You’re paying for parking

A few years ago, a building where I worked was facing a parking issue.

An area once filled with cheap surface lots had vanished, replaced by new housing, restaurants, offices and arts buildings. I remember a meeting where we all looked at a map of remaining parking lots in the area, wondering where people would put their cars.

The building appears to have the same number of parking spaces it ever did, but there are also bike racks out front. This makes sense, as there are designated bike routes everywhere nearby.

The building is a few short blocks from a Hiawatha (Blue Line) LRT station. A bunch of buses stop very nearby — including high-frequency routes that run all day and well into the evening.

There are Nice Ride bike-sharing stations and an HOURCAR car-sharing location within walking distance. I used to walk to work from downtown Minneapolis, about a mile. (I remember nights sparkling with snow and once seeing the carcass of a beaver.)

In short, options abound for getting there other than by driving, relieving the pressure to find a short-term place to leave a vehicle.

But, even if you get there using these other modes, you likely are still paying for parking. The several parking spaces outside the building where I used to work are free to the user. But, parking is expensive, whether it’s nominally free or not.

Surface parking spaces cost $3,000–$5,000 each to build, not counting the cost to maintain them (snow plowing, resurfacing, restriping, etc.), according to a report, “The Myth of Free Parking.”

Spaces in parking ramps, aka “structured parking,” can cost more than the car that is parked there, according to Donald Shoup, author of “The High Cost of Free Parking.” A recent Metropolitan Council estimate of the cost to provide 3,450 park-and-ride spaces (in a mix of surface lots and ramps) came in at $103 million, or $29,855 for each space.

At the other end of the spectrum, the estimated cost to purchase and install bicycle parking (at a rack that parks two bikes) is $150 to $300. A bicycle locker (also parking two bikes) costs $1,000 to $4,000, according to, a site funded by the Federal Highway Administration.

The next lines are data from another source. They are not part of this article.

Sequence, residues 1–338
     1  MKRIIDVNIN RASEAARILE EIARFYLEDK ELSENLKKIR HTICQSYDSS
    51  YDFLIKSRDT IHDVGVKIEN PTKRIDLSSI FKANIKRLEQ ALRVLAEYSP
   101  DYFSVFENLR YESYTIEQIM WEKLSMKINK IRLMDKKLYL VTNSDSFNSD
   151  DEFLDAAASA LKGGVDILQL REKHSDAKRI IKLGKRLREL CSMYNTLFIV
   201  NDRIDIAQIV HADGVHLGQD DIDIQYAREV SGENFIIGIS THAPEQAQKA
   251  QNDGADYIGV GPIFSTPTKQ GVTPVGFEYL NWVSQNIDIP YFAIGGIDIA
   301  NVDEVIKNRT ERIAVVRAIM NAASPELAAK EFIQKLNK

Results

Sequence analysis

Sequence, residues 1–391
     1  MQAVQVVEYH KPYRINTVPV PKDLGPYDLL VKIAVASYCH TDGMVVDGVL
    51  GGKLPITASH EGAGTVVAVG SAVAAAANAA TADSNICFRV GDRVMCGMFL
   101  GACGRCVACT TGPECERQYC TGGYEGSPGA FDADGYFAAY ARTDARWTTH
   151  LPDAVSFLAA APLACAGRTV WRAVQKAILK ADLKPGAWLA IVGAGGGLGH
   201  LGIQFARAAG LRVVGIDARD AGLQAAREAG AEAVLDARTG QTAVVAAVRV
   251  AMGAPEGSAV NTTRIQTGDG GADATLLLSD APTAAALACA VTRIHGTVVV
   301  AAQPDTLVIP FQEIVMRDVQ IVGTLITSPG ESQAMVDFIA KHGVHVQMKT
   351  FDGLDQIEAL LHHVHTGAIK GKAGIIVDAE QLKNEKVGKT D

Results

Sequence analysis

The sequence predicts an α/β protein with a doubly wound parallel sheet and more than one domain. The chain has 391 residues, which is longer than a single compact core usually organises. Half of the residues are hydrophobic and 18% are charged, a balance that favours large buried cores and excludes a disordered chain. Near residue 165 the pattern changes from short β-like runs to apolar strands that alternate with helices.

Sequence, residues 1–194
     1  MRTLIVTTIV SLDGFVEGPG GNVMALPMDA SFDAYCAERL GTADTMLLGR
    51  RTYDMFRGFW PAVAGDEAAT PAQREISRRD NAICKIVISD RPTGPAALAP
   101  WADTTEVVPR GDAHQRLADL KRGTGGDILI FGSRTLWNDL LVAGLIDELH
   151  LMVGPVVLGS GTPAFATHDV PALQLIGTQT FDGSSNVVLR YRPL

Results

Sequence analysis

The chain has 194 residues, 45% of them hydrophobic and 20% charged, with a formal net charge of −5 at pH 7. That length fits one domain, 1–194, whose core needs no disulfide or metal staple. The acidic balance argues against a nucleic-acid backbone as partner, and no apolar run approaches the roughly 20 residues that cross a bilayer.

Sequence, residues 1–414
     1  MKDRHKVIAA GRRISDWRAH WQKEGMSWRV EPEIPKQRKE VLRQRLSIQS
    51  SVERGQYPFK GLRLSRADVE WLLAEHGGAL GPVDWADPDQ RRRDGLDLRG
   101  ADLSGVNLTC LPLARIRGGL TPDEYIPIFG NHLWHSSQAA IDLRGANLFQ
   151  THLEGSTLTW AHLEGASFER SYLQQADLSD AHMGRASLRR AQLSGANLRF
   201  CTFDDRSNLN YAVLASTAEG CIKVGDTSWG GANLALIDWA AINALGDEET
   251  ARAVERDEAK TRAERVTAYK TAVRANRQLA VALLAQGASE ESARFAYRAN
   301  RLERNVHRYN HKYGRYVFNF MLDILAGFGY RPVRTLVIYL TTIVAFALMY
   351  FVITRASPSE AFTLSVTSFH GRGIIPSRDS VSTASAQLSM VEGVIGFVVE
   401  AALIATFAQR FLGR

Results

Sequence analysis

“Government, employers, retailers and others typically assume the financial cost of developing and maintaining parking,” according to “The Myth of Free Parking,” providing the following example.

A software company that provides its employees with free parking in an attached ramp pays for the spaces as part of the office rent, making parking part of overhead. Employees who arrive on bicycle or by walking or transit receive no benefit from the free parking. Similarly, if your block has free parking, you’re paying for it with your local property taxes, whether you park or not.

So, if you’re already paying for it, why not drive? Because 40 percent of all the trips we make — all the places we go — are within 2 miles or less. Many of these could be a pleasant walk (2 miles = 30 minutes) or easy bicycle ride away (2 miles = 10 minutes). And, consider this: every mile you drive adds nearly 1 pound of carbon monoxide to the atmosphere. Riding the bus cuts the emissions down to a fraction of driving alone.

While there certainly are times when driving makes sense (did you know HOURCAR has a truck in their fleet for sharing?), it’s healthier to choose other modes when you can. A British study found that, “for an individual, each additional kilometer walked per day is associated with a 4.8 percent reduction in the likelihood of obesity, whereas each additional hour spent in a car per day is associated with a 6 percent increase.”

Parking requirements that are set too high also drive up the cost of housing. The hit can be especially hard on affordable housing, where (one study found) costs rose by 12 percent when one space was required and by 24 percent for two. Such requirements can also hamper redevelopment. The building where I now work could not meet the City of St. Paul’s minimum parking requirement, so two floors have to be used for storage. At a time when people are driving less and turning to transit, bicycling and walking more, developers should be able to appropriately size the parking for the targeted market. And cities will benefit from higher tax revenue. Add the visual blight of parking lots and the run-off from parking lots that pollutes our waters and the cost of “free parking” gets even higher.

So, the next time you’re at a meeting and someone offers to validate parking, you might consider raising your hand to object. 

Hilary Reeves is communications director for Transit for Livable Communities.